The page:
August 4, 2007
When I decided to take a vacation, I knew I’d need a housesitter. But I didn’t want someone coming in, cranking the air-conditioning and running the dishwasher half empty — whoever took care of my place would also have to take care of the earth.
In the end, one of my green-hearted friends came to the rescue. I let him turn on the fridge, but he kept the thermostat off, made sure my worms had something to munch on and kept my balcony herbs watered — he even wrote to tell me that one of my organic cherry tomatoes had turned red! Everything was recycled properly and he made sure to use my natural cleaning products; I couldn’t have asked for a better sitter.
Now that I’m on the second half of my vacation, I’ve got a different guy looking after things, but he’s just as willing to step into my hippie shoes and keep things eco-friendly.
It might take a bit more searching and some extra-convincing rhetoric, but from now on I’m making sure all my housesitters pass the green test.
Photo of my building courtesy of this website
May 19, 2007
Recently, I confessed to booking a somewhat elaborate summer vacation that requires a fair amount of air travel (which I’ve at least offset with TerraPass). On the plus side, I made sure to take one big chunk of time off work, so for the most part the flights will be short-haul; on the down side, due to scheduling conflicts, it also means taking a lot of connecting flights (and by “a lot” I mean … um… *cough* nine).
As I’ve already committed to eating meat sparingly — and, when I do, it has to be free-range, organic and/or grass-fed — this means I’d have to pick apart all my in-flight meals, being careful not to get genetically modified pork residue on the peas.
But the reality is, whether or not I eat the meat on my plate (or rather plastic tray), it doesn’t make a difference by that point; the demand for it is created as soon as I book my ticket.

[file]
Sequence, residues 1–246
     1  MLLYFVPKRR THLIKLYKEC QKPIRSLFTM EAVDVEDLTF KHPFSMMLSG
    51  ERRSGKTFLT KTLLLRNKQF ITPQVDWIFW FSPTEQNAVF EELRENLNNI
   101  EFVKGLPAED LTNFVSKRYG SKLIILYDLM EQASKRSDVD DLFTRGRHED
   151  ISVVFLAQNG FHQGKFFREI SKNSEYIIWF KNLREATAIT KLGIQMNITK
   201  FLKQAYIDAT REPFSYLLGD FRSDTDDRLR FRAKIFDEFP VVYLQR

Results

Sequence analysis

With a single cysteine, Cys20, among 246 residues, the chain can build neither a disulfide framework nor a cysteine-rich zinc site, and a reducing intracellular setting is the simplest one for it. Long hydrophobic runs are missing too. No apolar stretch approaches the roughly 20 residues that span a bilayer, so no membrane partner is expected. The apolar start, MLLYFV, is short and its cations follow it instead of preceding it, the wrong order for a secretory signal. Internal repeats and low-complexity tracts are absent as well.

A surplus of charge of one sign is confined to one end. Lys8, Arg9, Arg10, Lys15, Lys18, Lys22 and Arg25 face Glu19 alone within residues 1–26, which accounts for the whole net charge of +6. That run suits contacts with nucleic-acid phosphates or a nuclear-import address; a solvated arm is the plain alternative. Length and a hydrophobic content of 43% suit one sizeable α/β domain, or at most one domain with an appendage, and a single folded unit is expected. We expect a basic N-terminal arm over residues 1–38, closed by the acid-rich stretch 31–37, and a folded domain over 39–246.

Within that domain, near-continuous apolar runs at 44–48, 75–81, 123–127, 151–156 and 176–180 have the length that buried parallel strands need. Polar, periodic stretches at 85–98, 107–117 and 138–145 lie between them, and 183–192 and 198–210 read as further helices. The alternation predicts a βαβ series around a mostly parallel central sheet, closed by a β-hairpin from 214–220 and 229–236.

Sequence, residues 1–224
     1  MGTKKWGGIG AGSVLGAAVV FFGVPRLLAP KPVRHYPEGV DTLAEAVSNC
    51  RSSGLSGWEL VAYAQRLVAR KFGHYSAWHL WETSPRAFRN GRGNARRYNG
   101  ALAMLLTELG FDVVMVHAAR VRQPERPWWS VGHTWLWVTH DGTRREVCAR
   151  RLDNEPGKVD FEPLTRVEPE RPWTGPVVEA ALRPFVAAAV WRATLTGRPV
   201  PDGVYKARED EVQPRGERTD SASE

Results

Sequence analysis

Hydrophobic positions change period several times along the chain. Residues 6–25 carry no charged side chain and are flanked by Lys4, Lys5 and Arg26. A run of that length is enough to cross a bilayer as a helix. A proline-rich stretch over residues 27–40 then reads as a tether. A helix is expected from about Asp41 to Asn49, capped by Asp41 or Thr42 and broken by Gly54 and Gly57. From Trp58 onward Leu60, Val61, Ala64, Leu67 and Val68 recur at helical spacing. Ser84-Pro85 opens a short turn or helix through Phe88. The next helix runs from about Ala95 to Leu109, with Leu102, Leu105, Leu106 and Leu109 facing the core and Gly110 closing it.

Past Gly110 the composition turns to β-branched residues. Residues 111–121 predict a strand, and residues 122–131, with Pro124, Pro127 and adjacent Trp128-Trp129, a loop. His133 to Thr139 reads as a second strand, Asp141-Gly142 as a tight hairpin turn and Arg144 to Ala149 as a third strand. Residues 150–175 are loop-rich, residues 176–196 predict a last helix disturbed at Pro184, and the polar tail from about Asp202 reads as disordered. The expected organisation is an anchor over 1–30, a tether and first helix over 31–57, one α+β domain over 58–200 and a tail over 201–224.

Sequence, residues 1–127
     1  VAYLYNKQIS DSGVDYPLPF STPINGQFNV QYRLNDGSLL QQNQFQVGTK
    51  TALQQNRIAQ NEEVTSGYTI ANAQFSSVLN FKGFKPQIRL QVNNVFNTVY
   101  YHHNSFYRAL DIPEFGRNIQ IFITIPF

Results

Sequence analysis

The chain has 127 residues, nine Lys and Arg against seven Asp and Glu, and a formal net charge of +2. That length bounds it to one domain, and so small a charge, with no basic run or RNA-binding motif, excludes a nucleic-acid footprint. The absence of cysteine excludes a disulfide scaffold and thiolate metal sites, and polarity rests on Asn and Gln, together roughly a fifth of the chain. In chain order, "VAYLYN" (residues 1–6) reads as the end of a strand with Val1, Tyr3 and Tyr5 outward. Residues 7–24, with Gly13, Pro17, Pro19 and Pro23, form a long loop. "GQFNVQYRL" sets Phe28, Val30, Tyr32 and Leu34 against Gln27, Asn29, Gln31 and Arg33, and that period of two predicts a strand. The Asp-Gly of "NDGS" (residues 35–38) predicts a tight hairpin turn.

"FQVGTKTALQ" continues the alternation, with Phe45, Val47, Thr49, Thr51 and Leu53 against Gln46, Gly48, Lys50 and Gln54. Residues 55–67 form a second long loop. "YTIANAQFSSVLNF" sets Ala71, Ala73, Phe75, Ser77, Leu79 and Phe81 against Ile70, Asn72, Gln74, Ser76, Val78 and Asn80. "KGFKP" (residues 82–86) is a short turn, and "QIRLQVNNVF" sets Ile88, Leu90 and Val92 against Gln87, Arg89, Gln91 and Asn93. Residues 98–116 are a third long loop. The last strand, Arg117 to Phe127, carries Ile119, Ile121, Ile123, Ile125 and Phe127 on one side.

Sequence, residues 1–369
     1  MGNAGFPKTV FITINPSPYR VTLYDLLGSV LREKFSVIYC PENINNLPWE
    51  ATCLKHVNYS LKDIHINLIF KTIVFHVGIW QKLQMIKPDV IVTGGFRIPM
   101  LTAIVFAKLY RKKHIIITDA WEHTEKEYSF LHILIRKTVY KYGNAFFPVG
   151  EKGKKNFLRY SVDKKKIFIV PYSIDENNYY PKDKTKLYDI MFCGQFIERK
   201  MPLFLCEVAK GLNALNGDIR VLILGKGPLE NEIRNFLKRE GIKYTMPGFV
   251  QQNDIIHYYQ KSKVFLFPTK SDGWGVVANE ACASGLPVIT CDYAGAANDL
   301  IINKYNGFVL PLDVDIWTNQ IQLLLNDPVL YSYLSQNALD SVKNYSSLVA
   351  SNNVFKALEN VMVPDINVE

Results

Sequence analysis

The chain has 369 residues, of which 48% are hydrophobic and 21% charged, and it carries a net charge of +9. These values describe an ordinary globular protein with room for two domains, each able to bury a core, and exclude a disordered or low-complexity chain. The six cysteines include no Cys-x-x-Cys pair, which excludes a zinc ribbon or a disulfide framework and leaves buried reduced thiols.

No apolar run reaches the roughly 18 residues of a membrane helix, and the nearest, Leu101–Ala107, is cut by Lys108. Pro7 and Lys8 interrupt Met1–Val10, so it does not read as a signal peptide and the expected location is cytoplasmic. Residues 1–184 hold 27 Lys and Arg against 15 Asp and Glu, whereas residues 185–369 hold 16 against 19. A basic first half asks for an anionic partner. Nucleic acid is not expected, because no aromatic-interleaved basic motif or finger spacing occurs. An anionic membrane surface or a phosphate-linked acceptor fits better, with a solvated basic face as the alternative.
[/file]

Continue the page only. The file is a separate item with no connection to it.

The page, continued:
Fortunately, this greenie plans ahead. I requested that all my in-flight meals be vegetarian or nothing at all. Most airlines these days are very accommodating — besides having veg options, they usually offer kosher, low-cholesterol, gluten-free and even bland/ulcer meals.
Unfortunately, I can’t request that they leave out the plastic cutlery set or make sure that both the coffee and any chocolate in the dessert is fair-trade. But if the cutlery comes separately, I’ll pass it back (then again, if I can’t get my portable chopsticks past security, this could be a problem).
April 1, 2007
You knew this post was coming. Well, here it is: I’m over disposable coffee cups like a cheating ex-boyfriend from the ’90s who litters and wears white after Labour Day. Phew, what a diss!
Seriously though, I just got this adorable neon-green “Bow Corridor” Bilt thermos from MEC (like the ones in the photo here but a much cuter colour, and for only $10!).
So I’m ready to not just create less waste, but keep my coffee warmer for longer and get that 11¢ off my tall bold at Starbucks. And Bilt, which happens to be the largest paper company in India, appears to have a green side. As much as I loathe people who casually throw around the word synergy (unless they’re referencing Jem and/or the Misfits), I do like the sound of Bilt’s eco-policy and community development projects, as well as their partnerships with a slew of NGOs. Their website explains it all here.
Because the thermos is too bulky to carry around in my purse, it means I can’t make any spontaneous coffee purchases. But I can always keep it in my car along with my spare tote bags, or I can kick it old school and actually take the time to sit down, in a café, to drink my coffee. I know, it’s a frightening concept — it might even require these scary things called mugs. But I’ll try to be brave.
Photo courtesy of MEC